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Climate change threatens food chains, top predators

Over a period of seven years, scientists measured the nitrogen transfer efficiency -- a proxy for overall energy transfer -- of phytoplankton living in freshwater ponds exposed to gradual warming. Photo by University of Exeter
Over a period of seven years, scientists measured the nitrogen transfer efficiency -- a proxy for overall energy transfer -- of phytoplankton living in freshwater ponds exposed to gradual warming. Photo by University of Exeter

March 1 (UPI) -- As the planet continues to get hotter, new research suggests food chains will become less efficient, funneling less and less energy from the bottom to the top.

For the study, researchers at the University of Exeter and Queen Mary University of London measured the effects of temperature on the movement of energy from single-celled algae, or phytoplankton, to the microscopic organisms -- called zooplankton -- that eat them.

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The findings, published Monday in the journal Nature, showed an increase of 4 degrees Celsius reduced the energy transfer from phytoplankton to zooplankton by 56 percent.

"These findings shine a light on an under-appreciated consequence of global warming," study co-author Gabriel Yvon-Durocher said in a press release.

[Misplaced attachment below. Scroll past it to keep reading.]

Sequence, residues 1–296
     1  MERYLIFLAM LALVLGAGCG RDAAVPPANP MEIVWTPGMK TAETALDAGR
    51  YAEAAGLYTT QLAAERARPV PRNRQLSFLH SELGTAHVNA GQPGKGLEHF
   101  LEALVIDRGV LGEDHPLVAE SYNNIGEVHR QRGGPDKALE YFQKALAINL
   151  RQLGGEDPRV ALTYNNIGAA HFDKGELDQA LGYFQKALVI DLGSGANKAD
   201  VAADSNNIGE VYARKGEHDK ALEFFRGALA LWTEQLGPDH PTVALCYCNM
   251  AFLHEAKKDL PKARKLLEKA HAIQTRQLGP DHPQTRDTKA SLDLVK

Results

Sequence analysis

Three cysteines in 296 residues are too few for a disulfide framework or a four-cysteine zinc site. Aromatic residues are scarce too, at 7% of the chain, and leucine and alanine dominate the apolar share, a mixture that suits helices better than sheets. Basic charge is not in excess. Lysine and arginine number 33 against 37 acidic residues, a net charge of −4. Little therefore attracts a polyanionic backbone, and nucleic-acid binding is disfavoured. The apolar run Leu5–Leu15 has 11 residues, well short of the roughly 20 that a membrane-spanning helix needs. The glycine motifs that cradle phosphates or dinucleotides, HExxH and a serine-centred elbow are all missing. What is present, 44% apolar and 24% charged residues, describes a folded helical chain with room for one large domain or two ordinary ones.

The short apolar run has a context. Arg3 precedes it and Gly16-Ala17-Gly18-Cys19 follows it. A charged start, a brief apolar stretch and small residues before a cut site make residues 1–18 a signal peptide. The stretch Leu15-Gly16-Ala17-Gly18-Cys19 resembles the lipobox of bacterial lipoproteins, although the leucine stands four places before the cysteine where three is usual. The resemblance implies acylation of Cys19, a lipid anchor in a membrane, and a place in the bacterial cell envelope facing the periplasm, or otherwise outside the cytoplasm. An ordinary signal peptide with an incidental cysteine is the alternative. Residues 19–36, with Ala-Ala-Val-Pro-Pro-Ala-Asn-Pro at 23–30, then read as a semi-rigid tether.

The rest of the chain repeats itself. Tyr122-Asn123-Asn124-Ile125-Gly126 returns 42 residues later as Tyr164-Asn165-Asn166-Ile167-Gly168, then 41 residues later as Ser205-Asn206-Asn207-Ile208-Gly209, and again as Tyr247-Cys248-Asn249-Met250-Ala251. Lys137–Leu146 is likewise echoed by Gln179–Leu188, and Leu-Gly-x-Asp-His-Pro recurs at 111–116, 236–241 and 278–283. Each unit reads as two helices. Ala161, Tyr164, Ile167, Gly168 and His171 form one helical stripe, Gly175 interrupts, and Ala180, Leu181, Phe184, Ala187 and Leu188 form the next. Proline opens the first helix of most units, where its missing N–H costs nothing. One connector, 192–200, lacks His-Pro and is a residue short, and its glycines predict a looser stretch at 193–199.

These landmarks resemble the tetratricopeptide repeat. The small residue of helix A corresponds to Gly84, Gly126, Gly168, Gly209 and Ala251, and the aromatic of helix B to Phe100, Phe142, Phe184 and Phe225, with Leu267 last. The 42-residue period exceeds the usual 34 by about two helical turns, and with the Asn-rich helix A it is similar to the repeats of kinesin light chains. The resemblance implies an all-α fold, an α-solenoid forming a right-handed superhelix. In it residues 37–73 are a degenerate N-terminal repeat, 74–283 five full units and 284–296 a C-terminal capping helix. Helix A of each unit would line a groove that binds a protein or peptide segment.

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"Phytoplankton and zooplankton are the foundation of food webs that support freshwater and marine ecosystems that humans depend on," said Yvon-Durocher, a professor of biosciences at Exeter's Environment and Sustainability Institute.

Over the course of seven years, researchers regularly measured nitrogen transfer efficiency -- a proxy for overall energy transfer -- among plankton that were gradually exposed to warmer and warmer water.

According to Yvon-Durocher, the new study is the first to measure the metabolic costs of higher temperatures within the base of a food chain.

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"If the effects we find in this experiment are evident in natural ecosystems, the consequences could be profound," said co-author Mark Trimmer.

"The impact on larger animals at the top of food chains -- which depend on energy passed up from lower down the food chain -- could be severe," said Trimmer, a professor of biogeochemistry at QMUL.

Previous studies suggest roughly a tenth of the energy produced on one level of a food chain is transferred to the next level. That's because most of the energy consumed by an organism is expended during its lifetime. Only a fraction is converted into biomass that can be consumed and converted into energy by a predator.

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"Warmer temperatures can cause metabolic rates to accelerate faster than growth rates, which reduces the energy available to predators in the next level up the food web," said co-author Diego Barneche, researcher at the Australian Institute of Marine Science and the Oceans Institute at the University of Western Australia.

The authors of the new study said more research is needed to confirm the scope of the slowdown in energy transfer within real-life food chains.

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